From the moderate amount of drape around the chest and the nibbed waist to the straight lapels and small hips, these elements would certainly have been flattering if the jacket was to come in a 6*2 configuration.

Needless to say, in order to remain faithful to the Kent style and achieve a more relaxed appearance, some major adjustments were necessary.

First off, the shoulders have been extended to allow more drape around the chest.

While letting out cloth around the chest would normally suffice in providing more comfort, what was attempted here was to create a shape that mildly resembles the voluminous 'V-shape' drape that was extremely popular in the 30s.

On top of that, the jacket is made out of a fabric that contains ~40% silk, which is notoriously known as not holding any shape (more on that later). This proves the broadening shoulders-approach to be the better alternative.

(Image credits to Whitcomb & Shaftesbury.)

What follows was the reexamination of the gorge height.

Now, gorge height is one of those elements that really depends on personal preference. Some tailors I have worked with like to place it lower since it won't 'sit right in front of your face.' Others favor the gorge to be as close to the shoulders as possible since the further-elongated lapels could create an optical illustration that the wearer has a longer upper body.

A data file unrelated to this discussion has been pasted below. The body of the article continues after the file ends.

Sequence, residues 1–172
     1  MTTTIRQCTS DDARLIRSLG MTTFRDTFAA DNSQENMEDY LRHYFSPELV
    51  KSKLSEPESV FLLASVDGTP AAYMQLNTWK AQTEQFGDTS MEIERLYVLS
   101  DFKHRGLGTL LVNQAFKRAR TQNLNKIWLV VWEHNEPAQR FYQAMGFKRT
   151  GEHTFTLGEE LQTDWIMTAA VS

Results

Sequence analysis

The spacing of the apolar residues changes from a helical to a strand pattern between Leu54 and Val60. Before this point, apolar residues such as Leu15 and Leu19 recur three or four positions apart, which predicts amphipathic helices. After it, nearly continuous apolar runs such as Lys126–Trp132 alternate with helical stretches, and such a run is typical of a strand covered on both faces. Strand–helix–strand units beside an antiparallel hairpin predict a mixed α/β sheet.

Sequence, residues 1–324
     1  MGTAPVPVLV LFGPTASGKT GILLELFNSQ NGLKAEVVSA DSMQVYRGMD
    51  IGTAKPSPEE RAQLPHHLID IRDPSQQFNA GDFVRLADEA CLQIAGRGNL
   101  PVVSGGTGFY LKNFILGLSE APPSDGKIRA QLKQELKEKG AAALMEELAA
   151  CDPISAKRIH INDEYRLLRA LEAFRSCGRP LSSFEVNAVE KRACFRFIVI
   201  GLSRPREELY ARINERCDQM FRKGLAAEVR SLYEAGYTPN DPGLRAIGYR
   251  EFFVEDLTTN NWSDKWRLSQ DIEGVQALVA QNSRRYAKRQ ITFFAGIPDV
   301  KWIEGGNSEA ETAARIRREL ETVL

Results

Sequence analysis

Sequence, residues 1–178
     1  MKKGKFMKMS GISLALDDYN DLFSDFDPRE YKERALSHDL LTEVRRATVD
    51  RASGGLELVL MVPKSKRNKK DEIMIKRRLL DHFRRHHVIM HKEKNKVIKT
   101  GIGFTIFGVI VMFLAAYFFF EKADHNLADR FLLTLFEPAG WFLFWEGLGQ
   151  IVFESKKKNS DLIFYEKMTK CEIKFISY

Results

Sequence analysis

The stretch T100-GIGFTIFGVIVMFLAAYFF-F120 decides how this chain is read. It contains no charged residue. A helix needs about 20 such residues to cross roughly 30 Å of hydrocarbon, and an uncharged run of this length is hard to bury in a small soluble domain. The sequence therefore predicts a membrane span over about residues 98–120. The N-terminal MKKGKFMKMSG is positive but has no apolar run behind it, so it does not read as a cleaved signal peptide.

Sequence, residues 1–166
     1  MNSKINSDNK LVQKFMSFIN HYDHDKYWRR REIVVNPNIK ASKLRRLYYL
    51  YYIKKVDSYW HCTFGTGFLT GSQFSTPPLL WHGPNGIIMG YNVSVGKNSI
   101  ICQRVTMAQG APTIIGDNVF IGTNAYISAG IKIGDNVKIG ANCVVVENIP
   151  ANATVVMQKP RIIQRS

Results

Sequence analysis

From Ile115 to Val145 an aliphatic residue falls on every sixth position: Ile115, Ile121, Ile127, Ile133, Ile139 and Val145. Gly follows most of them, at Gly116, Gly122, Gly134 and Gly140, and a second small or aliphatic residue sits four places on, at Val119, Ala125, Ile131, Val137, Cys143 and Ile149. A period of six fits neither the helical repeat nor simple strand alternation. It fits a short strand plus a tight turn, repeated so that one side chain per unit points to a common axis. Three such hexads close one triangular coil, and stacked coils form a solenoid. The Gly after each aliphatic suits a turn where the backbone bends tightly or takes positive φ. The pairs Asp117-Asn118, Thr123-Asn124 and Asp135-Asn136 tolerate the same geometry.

In this case, Whitcomb's house style usually errs towards the latter, as evidenced in the various SB jackets they have made for me previously. What is crucial to bear in mind here, is that considering the jacket is rolling at a much lower point than the natural waist, the elongated lapels effect could still be achieved even if the gorge is placed a tad lower.

Thus, as you can see in the picture above, Suresh and I decided to settle on the gorge height on the right side (from our angle). We might have gone even lower than that for the final product.

Speaking of the low-buttoning point, this is the detail that has proven to be the most contentious feature.

Normally, on a 6*2 jacket, the double piping pockets will be placed in between the middle and bottom row buttons. Hence, naturally, if you convert the jacket into a 4*1 piece, the pockets shouldn't be affected, right? Not that simple.

If you look closely at the collage above, you can see that under the Kent style, the pockets are usually aligned with the bottom row buttons. In my view, the latter's configuration offers a much neater appearance as the number of horizontal 'lines' around the bottom half of the jacket would be reduced, or at least more spaced out from one another.

Needless to say, this is what I went for ultimately.

That being said, it was the events that followed the first fitting that didn't work so well.

Shortly after the first fitting, and around the same time the jacket is at Whitcomb's India workshop, India went into (a month-long?) lockdown. As a result of the lockdown situations (with the UK and India coming one after the other), we rushed the commission and skipped over the second-fitting and go straight to the final version of the jacket.

Frankly speaking, this is one of those scenarios that illustrates how important being patient is.

Upon collecting the DB, one recurring feedback that I kept on receiving is that the bottom row buttons are not level. You can spot that in the picture above, with the buttoning point being pulled in all directions and dragged slightly higher than the button next to it. Consequently, the skirts of the two sides are of different height as well.